can't think of anywhere Bolger shows flotation right down low. If it
        doesn't go from bilge to deck like in the quarters or bows perhaps,
        then it is shown chocked up against the deck underside right off the
        floor so when flooded the boat ought to sit stable in the correct
        orientation without manhandling to get it that way. It wont easily
        be tipped over by wave action before it is bailed out. I thought he
        put the foam off the floor to discourage rot and to allow space for
        things like oars or legs to be poked under there. Suttle.

        >calculations as to what/when/where/ how stable she is seriously
        >flooded under different scenarios. I do think its doable, but then
        >again it certainly isnt something you'd wanna just eyeball, wing it
        >and hope for the best either.
        >...time for more boxes, rulers, and sketches me thinks....

        It's doable. Just gotta get out all the wrinkles.

        > I am suprised that an assymetric cabin seems to be a fairly novel
        >idea. I can see myself being admonished by Bolger now. "Listen
        >young man....form may follow function but one must learn to
        >control oneself" :) I am kinda itchy to try the layout on a
        >Micro.....might be able to get a...

        I'm sure Mr Bolger would have no trouble with assymetry per se.
        You'd know you were going too far here though, if he mentioned
        zealotry. ;-)

        Cheers
        Graeme
      • BllFs6@aol.com
        Hi Graeme Yeah, this boyancy and stability thing can certainly get more complex the longer one things about it no doubt. Certainly needs alot of work for
        Message 3 of 17 , Jun 2 9:25 PM
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          Hi Graeme


          Yeah, this boyancy and stability thing can certainly get more complex the
          longer one things about it no doubt. Certainly needs alot of work for sure.


          Fortunately, when push comes to shove, the WAY I would use such a beast, I
          would be pretty safe as long as the darn thing stayed together and
          floated.....upright but low in the water or on its side or even up side down....any of
          those would be tolerable for me....so my requirements are not as demanding as
          some...

          Now, if your cruising is more "serious" then yeah, get the stability and
          orientation issues worked out much better....

          Something did occur to me today thinking about such things.....if your cabin
          is fairly assymetric and depending on how much air it holds or how intact it
          is or how much foam you have in the walls/ceiling of the cabin and where it
          is and how much flotation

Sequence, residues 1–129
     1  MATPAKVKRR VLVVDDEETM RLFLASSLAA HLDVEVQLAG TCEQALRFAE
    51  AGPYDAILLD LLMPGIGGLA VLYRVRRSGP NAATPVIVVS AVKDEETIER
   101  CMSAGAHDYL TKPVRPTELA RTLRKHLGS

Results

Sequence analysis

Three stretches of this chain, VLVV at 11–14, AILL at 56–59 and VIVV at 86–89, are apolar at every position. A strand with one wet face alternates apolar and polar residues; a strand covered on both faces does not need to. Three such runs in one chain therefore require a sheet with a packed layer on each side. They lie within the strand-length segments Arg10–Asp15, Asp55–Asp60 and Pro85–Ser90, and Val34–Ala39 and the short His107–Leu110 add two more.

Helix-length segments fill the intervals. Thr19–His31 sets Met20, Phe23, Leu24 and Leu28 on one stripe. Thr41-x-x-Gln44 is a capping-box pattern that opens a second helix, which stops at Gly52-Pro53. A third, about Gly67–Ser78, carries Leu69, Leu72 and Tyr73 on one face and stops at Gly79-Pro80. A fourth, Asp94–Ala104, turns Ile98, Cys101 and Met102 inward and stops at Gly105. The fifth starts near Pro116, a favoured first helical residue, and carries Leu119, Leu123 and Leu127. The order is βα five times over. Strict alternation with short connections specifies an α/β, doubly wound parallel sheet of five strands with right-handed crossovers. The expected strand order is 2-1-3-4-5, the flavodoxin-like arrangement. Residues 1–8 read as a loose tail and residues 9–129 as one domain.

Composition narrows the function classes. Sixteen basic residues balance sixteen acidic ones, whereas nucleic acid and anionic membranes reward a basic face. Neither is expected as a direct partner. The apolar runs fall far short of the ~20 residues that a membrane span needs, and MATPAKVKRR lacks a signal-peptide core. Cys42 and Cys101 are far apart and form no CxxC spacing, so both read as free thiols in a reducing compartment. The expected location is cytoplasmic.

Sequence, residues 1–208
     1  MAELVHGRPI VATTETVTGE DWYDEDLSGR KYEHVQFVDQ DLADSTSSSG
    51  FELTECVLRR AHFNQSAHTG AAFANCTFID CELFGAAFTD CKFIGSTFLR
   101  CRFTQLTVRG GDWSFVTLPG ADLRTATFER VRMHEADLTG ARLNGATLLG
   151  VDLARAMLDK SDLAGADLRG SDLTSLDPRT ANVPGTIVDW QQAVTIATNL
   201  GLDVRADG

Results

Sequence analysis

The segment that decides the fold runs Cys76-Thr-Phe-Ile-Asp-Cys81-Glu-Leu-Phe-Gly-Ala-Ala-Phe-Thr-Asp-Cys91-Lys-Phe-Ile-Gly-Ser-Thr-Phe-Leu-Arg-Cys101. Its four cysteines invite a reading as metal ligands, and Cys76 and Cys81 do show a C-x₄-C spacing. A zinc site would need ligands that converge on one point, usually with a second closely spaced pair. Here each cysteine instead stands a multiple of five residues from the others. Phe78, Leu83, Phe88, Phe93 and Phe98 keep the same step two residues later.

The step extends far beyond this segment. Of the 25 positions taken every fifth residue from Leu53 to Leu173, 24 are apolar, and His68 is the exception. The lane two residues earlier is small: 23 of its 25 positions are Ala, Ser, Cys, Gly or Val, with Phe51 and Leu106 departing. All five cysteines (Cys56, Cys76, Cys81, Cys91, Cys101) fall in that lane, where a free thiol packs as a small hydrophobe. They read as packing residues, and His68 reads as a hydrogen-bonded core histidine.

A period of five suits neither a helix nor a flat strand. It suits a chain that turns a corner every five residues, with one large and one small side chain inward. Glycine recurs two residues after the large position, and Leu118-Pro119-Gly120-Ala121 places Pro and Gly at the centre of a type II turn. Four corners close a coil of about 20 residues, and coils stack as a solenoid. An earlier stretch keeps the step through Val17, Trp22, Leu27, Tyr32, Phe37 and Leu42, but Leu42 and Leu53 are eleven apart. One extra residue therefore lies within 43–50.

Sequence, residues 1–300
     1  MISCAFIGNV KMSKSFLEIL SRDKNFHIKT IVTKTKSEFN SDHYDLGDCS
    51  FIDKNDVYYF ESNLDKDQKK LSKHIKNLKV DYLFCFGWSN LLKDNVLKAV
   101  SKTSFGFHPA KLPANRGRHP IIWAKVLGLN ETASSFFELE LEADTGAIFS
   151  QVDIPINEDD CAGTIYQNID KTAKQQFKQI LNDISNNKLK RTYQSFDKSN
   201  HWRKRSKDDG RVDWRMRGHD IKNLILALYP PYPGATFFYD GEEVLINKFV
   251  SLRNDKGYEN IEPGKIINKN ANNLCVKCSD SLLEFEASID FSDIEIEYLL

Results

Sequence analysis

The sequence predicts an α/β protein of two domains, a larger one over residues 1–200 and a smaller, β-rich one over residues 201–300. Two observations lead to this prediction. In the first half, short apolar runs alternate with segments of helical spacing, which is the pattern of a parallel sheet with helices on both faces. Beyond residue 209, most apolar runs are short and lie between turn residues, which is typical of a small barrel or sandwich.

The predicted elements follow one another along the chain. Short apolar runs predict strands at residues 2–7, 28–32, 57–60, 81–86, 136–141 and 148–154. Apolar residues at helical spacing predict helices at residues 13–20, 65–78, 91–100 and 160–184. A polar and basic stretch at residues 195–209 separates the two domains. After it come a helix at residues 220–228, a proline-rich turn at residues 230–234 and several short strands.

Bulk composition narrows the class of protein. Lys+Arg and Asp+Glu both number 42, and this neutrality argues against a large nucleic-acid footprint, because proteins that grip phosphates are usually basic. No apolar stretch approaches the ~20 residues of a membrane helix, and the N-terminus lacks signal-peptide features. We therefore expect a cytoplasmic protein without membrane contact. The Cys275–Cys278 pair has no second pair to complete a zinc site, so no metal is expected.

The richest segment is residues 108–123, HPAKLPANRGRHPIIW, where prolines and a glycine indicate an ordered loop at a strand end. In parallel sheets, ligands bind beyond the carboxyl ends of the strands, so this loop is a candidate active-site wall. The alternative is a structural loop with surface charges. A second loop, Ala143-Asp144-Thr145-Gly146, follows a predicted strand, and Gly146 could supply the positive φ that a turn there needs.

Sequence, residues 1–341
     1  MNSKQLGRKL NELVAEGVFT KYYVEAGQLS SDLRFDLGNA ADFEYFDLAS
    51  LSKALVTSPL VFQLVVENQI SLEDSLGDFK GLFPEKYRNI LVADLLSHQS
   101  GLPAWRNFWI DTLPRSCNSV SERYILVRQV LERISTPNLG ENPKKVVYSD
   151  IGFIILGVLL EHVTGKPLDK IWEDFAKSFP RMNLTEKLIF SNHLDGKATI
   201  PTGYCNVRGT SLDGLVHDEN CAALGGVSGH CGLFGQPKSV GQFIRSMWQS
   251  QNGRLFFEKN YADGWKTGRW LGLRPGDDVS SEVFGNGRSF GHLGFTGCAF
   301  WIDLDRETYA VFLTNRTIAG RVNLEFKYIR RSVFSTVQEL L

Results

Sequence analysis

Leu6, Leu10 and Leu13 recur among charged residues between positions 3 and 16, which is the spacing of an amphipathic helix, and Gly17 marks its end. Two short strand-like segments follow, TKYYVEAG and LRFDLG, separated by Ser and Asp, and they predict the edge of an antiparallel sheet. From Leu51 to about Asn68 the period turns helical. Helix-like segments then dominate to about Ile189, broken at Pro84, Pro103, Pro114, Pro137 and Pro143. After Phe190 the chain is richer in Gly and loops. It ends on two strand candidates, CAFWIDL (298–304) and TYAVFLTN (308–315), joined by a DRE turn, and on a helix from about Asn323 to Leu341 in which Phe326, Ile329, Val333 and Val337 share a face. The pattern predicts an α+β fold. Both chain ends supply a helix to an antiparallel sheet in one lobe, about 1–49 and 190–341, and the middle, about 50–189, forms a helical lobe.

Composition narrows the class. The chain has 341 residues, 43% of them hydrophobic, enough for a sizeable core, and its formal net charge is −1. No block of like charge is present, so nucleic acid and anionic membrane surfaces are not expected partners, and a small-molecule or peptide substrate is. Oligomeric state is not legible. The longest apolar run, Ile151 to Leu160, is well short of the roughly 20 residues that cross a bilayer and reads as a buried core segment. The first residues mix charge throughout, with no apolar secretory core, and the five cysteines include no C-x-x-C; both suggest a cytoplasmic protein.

you have on the "non-cabin" side, the assymetric cabin may offer another
          advantage. It may ONLY be stable upright....or in other words you turn it upside
          down and the cabin flotation flips it upright again...and even if it doesn't,
          it may provide enough "help" to make using your own body weight to "un
          turtle" the beast easier ....

          So, such a cabin may make a rollover just that....always a rollover and
          never a turtle situation....of course the cabin would probably make a rollover
          more probable.....but if it meant it could never turtle......thats a trade off
          I'd happily live with.


          take care


          Blll


          In a message dated 6/2/2006 11:03:54 PM Central Daylight Time,
          graeme19121984@... writes:

          There is probably a lot of positive bouyancy here if you do this,
          but carefully calculate your new centres of gravity and bouyancy,
          righting arms and so on for various circumstances. The foam weighs
          something, obviously, and so the hull COG has been lowered, which
          may add to performance when upright, but the capsised COB has been
          brought closer to the floor too. In fact they may be almost
          superimposed. Worse, with the weight of the other stuff in the boat
          contributing, on her beam ends the COG may actually be above the
          flooded COB ( relative to the floor of course). If masts are
          shipped, their bouyancy may prevent inversion, but the boat may not
          self right. If it turns turtle it may be in the most stable
          position :( or, depending on sea state, it may only be rescued with
          some effort.

          Calculation may show it's alright, but off the top of my head I
          can't think of anywhere Bolger shows flotation right down low. If it
          doesn't go from bilge to deck like in the quarters or bows perhaps,
          then it is shown chocked up against the deck underside right off the
          floor so when flooded the boat ought to sit stable in the correct
          orientation without manhandling to get it that way. It wont easily
          be tipped over by wave action before it is bailed out. I thought he
          put the foam off the floor to discourage rot and to allow space for
          things like oars or legs to be poked under there. Suttle.